For that reason, I usually do the hotel breakfast. Then I can scoot back to the room to take care of anything that needs to be taken care of -- brushing teeth, etc. But of course that's totall personal preference.

I 2nd Paul and its pastries. Try the pistacchio macaron.

And I too am amused by others who think they know what "Americans like." Mon dieu!
j_999_9 is offline  
Oct 9th, 2007, 10:19 AM
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Paul...pain au chocolat with almond paste ...yum.
Michel_Paris is offline  
Oct 9th, 2007, 10:43 AM
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Next time book a hotel with breakfast included - there are plenty. 8-)

Also, I second Travelnut's post - nowhere in Paris have I been presented with just a piece of bread for breakfast - usually there are Viennoiserie- I can't spell it, but it means 'pastries', as in Danish pastries, as well as bread, rolls, jam, honey, yoghurts and fruit. Plus tea/coffee/chocolate/fruit juice.
RM67 is offline  
Oct 9th, 2007, 10:48 AM
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I am pretty sure that ham & cheese croissants were invented for tourists, which is why Brioche Dorée sells them. Not sure about Paul, since I have only set foot in one once in my life.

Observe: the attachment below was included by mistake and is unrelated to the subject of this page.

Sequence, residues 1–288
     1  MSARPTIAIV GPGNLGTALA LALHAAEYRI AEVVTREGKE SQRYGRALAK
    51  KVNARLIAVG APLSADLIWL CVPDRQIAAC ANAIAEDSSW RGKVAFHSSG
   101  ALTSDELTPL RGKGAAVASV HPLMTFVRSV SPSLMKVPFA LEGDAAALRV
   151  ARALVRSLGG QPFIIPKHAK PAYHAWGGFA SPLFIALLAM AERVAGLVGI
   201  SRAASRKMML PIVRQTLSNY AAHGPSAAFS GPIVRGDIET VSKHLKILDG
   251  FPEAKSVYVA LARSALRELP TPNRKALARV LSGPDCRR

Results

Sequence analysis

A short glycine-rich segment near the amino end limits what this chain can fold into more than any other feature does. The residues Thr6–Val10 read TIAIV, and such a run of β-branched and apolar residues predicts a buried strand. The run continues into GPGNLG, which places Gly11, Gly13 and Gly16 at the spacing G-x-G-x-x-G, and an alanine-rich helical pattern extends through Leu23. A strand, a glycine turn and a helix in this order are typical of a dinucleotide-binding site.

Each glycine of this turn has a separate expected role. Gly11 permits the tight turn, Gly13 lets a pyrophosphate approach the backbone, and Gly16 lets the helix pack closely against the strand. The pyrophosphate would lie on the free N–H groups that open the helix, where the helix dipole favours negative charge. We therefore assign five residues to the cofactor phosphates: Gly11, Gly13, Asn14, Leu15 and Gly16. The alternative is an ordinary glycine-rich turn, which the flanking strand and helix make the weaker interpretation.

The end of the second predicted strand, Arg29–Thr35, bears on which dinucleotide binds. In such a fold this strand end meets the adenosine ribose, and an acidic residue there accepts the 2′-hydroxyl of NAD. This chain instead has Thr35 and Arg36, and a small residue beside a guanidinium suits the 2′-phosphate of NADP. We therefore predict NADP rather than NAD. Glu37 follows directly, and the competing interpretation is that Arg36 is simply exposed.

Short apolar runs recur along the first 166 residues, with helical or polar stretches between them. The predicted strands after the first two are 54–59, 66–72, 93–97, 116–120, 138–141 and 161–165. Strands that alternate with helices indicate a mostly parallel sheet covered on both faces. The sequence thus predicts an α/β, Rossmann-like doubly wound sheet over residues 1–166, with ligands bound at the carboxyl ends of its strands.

kerouac is online now  
Oct 9th, 2007, 11:25 AM
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"I am pretty sure that ham & cheese croissants were invented for tourists, which is why Brioche Dorée sells them."

What am I missing here? I've seen those Brioche Doree places all over the residential neighborhoods of Paris, and they are filled with locals grabbing their stuff on their way to work. Surely they aren't put in the outlying neighborhoods to cater to tourists? Why would it then be logical to say they have a certain product because they are designed for tourists? Or do they only serve those in the tourist area branches of Brioche Doree and not in the other areas?